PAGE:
Tuesday, April 2, 2013

Psychology, Christianity, and Gender

Megan Regalado currently works in a residential program as an Eating Disorder Counselor in Southern California. She graduated from Trinity Christian College in December ’12 with a Bachelor of Arts, in Psychology and a minor in Sociology. She hopes to attend graduate school in the Fall in order to obtain her Masters of Science in Counseling, and become a Marriage and Family Therapist. She plans on spending her career focusing on working with teens struggling with addictions.

Psychology, Christianity, and Gender

Differences in gender can be seen through social dominance, aggression, and sexuality, but as Christians we should understand the topic of gender differences as differences that are created in order to demonstrate the need for one another in a fallen world.

Social dominance can affect an individual’s view of a person’s social rank, and can overall affect the hierarchy pattern in which males are most often viewed as possessing more social dominance. Psychology examines reasons that the need for dominance is apparent in society.  Ainsworth and Maner (2012) suggest that males have an underlying need for dominance among one another as well as among females. Some psychologists suggest the role of men has been to be more socially dominant than women and to express this dominance through positions of authority.

Men and women differ in their styles of aggression, where men are viewed by psychologists as being more aggressive. Aggression then spills over into relationships among men and women. Ross’s (2012) findings suggested that physical, sexual, and psychological abuse tended to co-occur in the relationships of women with highly violent or controlling partners. Aggression and social dominance are often spoken of in the same breath when psychologists discuss the need for a male to obtain a mate for reproduction. This negative view of the aggression of men is discussed in terms of a man’s sexuality.

Sexuality is another area where men and women differ in terms of emotional involvement and arousal. “Men’s sexuality revolves around physical factors, in which nature is predominant and the social and cultural dimension is secondary. For women, social and cultural factors play a much greater role, and the role of physical processes and biological nature is relatively smaller” (Baumeister, 2000, p. 368). Baumeister (2000) also suggests that women are more creatures of meaning while men are relatively creatures of nature. The evolutionary psychology view about the sexuality of men describes their motivation for sex as being driven by their need to pass on their genes.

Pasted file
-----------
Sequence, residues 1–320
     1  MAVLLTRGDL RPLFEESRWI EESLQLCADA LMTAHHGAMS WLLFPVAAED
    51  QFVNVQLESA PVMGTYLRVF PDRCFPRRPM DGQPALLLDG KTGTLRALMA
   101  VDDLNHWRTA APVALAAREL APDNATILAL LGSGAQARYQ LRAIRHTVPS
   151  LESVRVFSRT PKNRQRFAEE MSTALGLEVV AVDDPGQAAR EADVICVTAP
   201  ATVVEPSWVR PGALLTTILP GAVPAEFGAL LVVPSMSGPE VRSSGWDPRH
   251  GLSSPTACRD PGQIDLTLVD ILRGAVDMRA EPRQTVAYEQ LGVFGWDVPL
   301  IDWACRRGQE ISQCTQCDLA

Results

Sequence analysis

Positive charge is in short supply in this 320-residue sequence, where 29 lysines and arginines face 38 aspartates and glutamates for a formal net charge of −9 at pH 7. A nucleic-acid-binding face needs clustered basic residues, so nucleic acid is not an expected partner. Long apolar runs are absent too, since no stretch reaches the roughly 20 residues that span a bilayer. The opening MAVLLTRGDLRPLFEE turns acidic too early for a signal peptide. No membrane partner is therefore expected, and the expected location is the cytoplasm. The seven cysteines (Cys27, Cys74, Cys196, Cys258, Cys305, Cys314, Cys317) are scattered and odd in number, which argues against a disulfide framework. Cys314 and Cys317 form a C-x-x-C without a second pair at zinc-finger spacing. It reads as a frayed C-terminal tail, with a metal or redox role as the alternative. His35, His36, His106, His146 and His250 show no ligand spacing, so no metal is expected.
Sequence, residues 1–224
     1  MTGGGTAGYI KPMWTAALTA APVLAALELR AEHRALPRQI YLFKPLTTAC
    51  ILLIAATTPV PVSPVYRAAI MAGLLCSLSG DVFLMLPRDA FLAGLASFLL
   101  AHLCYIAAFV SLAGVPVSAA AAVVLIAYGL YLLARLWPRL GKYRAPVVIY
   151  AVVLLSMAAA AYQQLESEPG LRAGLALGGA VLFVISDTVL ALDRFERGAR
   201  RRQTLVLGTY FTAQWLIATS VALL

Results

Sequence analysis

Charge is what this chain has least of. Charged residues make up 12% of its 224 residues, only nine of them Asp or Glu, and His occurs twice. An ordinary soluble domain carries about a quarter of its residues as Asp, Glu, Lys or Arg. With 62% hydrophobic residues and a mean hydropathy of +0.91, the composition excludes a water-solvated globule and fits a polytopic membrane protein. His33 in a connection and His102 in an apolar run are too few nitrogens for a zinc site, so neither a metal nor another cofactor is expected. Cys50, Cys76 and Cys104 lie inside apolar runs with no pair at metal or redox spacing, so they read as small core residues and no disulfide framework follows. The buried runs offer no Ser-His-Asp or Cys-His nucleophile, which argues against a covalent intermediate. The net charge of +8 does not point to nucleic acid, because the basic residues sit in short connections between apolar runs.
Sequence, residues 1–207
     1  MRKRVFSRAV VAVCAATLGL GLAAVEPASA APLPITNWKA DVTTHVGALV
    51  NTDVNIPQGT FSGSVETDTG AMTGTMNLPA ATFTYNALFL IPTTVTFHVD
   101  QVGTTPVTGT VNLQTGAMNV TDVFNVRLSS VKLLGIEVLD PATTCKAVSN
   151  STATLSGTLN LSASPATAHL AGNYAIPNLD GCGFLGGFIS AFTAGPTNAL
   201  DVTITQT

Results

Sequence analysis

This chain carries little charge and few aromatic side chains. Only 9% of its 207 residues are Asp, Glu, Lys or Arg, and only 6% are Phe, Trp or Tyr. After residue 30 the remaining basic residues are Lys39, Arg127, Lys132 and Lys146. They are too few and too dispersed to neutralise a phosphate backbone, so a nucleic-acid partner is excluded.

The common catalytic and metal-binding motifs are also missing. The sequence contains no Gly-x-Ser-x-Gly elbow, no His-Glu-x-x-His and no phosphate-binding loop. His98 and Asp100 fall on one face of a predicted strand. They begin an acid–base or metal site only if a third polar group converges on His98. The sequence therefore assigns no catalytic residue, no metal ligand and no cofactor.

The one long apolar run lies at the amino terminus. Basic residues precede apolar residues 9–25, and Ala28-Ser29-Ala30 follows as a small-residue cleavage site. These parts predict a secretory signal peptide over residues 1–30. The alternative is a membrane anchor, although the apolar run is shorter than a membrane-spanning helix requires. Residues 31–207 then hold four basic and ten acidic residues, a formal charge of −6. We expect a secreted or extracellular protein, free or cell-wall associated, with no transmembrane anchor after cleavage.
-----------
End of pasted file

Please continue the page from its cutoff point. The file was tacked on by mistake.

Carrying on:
From a Christian standpoint, God is the creator of man and woman. Differences in social dominance and sexuality can be seen through the initial creation of man and woman, but is affected by the sin that they fell into while in the garden. “Eve was in no way inferior to her husband, but she was nonetheless given a role that was subordinate to his leadership…The relationships within the Trinity illustrate perfectly how headship and submission can function within a relationship of absolute equals” (Macarthur, 2005, p. 7). Adam and Eve were created to produce offspring and those offspring were to fill the earth. They were naked in the garden together as man and wife, and were not ashamed. Upon sin entering creation through Adam and Eve, they saw themselves merely as individuals who were naked and ashamed, emphasizing their own knowledge of their bodies and how different they were from one another by attempting to cover themselves. The relationship between man and woman is affected by sin, but that also allows us to see how man and woman complement each other with their different qualities. Man and woman are created in order to demonstrate the need for one another in a fallen world and to glorify God through their interactions and relations with one another.


Ainsworth, S.E., & Maner, J.K. (2012). Sex begets violence: Mating motives, social dominance, and physical aggression in men. Journal of Personality and Social Psychology, 103, 819-829. 
Baumeister, R. F. (2000). Gender differences in erotic plasticity: The female sex drive as socially flexible and responsive. Psychological Bulletin, 126, 347-374.
Macaruther, J. (2005). Twelve Extraordinary Women: How God Shaped Women of the Bible and What he Wants to do With You.  Nashville, TN: Thomas Nelson.
Ross, J. M. (2012).  Self-reported fear in partner violent relationships: Findings on gender differences from two samples. Psychology of Violence, 2, 58-74.